Suicide Note Solves Grisly 1986 Mystery : Slaying: The dismembered remains of a woman missing for five years are identified after her ex-husband kills himself, leaving a confession behind.


Solving a 5-year-old case, law enforcement officials in Orange and San Diego counties on Friday identified the body parts of a woman killed and dismembered by her ex-husband, who confessed to the crime in a suicide note.

The woman, identified as Kun Yueh Hou, 41, was killed in 1986, apparently by her ex-husband, David Michael McKay, 42, of San Diego, said San Diego County Sheriff’s Department Lt. John Tenwolde.

McKay killed himself in October, leaving a note that detailed the 1986 crime, police said.

“I guess his conscience finally caught up with him,” said Orange Police Lt. Ed Tunstall.


Although found five years ago, Hou’s body parts, which were discovered at several freeway rest stops in San Diego County, remained unidentified until Thursday, he said.

The grisly case began on Dec. 5, 1986, when drivers reported finding plastic bags containing body parts in trash cans at rest stops between San Onofre and Oceanside, authorities said.

The San Diego County coroner’s office and the Sheriff’s Department were unable to immediately identify the victim because her face was disfigured beyond recognition, Tenwolde said.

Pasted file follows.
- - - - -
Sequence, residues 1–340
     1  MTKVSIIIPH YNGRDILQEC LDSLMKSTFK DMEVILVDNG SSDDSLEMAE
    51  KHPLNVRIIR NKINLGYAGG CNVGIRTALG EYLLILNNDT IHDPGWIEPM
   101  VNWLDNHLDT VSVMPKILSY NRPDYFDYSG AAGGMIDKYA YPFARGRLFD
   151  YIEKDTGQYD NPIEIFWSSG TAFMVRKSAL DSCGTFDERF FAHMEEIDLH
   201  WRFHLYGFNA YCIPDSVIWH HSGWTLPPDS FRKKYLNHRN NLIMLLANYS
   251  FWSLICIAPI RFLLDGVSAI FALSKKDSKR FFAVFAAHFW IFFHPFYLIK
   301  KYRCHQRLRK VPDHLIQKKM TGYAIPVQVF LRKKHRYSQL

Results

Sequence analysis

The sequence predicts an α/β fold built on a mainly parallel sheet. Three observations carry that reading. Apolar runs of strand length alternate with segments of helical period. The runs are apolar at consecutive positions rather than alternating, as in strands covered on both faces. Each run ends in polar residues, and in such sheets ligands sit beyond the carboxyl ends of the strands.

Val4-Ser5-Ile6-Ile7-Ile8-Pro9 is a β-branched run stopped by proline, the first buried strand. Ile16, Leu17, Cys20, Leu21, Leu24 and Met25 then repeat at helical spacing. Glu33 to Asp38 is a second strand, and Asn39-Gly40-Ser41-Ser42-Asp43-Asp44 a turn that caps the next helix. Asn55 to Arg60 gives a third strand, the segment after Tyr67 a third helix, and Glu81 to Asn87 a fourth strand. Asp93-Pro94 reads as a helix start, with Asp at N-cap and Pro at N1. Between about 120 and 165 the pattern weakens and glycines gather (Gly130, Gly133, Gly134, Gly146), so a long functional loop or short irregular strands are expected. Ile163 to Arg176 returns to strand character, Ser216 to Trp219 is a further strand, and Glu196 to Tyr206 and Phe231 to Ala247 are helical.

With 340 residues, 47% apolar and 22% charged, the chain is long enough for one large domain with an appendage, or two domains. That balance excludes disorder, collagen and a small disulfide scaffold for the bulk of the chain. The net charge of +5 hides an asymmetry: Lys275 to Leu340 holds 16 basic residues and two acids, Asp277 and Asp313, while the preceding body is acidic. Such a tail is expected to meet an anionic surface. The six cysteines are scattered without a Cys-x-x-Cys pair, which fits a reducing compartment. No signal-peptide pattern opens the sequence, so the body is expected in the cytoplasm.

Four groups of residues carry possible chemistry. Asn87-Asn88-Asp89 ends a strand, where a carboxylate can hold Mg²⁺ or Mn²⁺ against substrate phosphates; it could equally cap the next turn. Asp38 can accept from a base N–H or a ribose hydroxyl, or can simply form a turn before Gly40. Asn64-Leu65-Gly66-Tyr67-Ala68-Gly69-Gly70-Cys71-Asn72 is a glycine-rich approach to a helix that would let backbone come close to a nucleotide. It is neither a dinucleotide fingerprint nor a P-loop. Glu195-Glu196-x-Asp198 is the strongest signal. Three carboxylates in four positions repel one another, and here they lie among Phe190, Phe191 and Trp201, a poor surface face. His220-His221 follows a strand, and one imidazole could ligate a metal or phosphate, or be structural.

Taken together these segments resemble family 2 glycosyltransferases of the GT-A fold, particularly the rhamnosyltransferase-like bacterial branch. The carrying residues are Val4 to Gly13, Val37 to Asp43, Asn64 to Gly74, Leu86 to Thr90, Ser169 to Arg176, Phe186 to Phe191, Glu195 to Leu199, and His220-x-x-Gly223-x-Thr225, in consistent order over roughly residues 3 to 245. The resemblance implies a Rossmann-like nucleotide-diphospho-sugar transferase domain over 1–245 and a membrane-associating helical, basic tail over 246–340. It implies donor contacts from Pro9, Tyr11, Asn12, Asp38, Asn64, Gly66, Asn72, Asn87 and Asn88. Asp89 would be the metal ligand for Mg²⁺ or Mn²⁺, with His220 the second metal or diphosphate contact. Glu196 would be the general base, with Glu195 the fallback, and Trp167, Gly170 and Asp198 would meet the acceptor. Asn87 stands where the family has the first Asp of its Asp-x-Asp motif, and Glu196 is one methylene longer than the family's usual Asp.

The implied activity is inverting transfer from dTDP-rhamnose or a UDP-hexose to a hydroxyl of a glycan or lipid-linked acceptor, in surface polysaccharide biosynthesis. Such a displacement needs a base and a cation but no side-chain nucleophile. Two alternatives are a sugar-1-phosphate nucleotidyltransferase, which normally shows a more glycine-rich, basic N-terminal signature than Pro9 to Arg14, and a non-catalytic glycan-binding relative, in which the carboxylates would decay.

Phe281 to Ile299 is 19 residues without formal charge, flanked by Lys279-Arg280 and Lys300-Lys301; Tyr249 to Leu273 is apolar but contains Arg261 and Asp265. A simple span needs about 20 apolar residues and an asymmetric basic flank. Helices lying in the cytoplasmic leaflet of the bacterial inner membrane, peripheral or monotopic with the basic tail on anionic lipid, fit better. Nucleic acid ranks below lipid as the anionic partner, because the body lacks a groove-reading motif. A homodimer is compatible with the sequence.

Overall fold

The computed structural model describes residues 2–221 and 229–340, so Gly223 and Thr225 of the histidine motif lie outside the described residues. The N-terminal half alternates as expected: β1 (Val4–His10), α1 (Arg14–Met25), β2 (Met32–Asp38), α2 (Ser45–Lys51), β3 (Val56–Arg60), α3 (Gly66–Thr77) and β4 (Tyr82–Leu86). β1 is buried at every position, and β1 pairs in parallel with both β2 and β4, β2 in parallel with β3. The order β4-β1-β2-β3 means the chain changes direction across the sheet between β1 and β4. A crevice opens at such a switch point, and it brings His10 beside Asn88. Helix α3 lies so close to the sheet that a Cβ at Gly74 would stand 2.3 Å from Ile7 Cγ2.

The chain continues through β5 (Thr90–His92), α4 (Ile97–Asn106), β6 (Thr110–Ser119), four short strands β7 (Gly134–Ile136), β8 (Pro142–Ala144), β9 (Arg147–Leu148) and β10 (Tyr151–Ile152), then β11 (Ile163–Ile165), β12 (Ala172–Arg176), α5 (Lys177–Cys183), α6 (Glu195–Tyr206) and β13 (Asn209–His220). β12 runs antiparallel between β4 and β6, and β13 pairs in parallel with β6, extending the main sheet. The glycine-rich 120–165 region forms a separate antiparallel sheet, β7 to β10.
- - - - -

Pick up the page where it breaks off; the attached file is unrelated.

Detectives ran her fingerprints through the CalID system, but failed to find a match.


Two days later, Hou’s son, Jason Yu Hoe, called Orange police and told them his mother had been missing for three days.

Hoe told police that his mother’s purse and car keys were missing, but her car was at home and no clothing or other belongings were taken, according to a missing persons report filed that day.

“He last saw his mother sleeping in her bed,” Tunstall said, adding that McKay was contacted in San Diego and claimed he did not know where Hou was.

For five years, Orange police had no leads in the missing persons case, and had uncovered no evidence of foul play.


But on Oct. 31, Hou’s ex-husband hanged himself from a tree in a secluded grove near the Garden Grove Freeway and the Santa Ana Freeway riverbed.

His body was discovered by Orange police who were chasing drug suspects across the city border into Santa Ana.

Officers found the suicide note in the man’s pockets, Tunstall said.

Orange police then reopened the case, found Hou’s fingerprints on file at the U.S. Department of Immigration and Naturalization and began searching for Jane Does that matched her description.


This week, a match was made, leading Orange detectives to San Diego, where they confirmed that it was Hou who had been dismembered, Tunstall said.

Police, still not sure about a motive, said the investigation is continuing even though the assailant is dead.